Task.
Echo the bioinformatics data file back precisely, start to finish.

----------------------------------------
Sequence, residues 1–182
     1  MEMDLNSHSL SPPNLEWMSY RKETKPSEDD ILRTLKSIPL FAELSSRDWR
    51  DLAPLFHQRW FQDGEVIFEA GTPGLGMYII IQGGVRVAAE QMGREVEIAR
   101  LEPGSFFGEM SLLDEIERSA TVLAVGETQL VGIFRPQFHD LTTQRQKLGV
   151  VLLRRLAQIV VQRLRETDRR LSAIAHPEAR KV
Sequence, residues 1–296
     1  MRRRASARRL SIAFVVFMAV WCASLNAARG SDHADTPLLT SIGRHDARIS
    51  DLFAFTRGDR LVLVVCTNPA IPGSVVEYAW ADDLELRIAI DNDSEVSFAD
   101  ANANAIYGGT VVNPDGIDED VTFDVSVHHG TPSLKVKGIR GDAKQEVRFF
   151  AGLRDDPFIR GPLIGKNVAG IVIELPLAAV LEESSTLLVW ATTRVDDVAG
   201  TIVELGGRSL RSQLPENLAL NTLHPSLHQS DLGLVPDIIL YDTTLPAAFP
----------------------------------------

Sequence, residues 1–182
     1  MEMDLNSHSL SPPNLEWMSY RKETKPSEDD ILRTLKSIPL FAELSSRDWR
    51  DLAPLFHQRW FQDGEVIFEA GTPGLGMYII IQGGVRVAAE QMGREVEIAR
   101  LEPGSFFGEM SLLDEIERSA TVLAVGETQL VGIFRPQFHD LTTQRQKLGV
   151  VLLRRLAQIV VQRLRETDRR LSAIAHPEAR KV
Sequence, residues 1–296
     1  MRRRASARRL SIAFVVFMAV WCASLNAARG SDHADTPLLT SIGRHDARIS
    51  DLFAFTRGDR LVLVVCTNPA IPGSVVEYAW ADDLELRIAI DNDSEVSFAD
   101  ANANAIYGGT VVNPDGIDED VTFDVSVHHG TPSLKVKGIR GDAKQEVRFF
   151  AGLRDDPFIR GPLIGKNVAG IVIELPLAAV LEESSTLLVW ATTRVDDVAG
   201  TIVELGGRSL RSQLPENLAL NTLHPSLHQS DLGLVPDIIL YDTTLPAAFP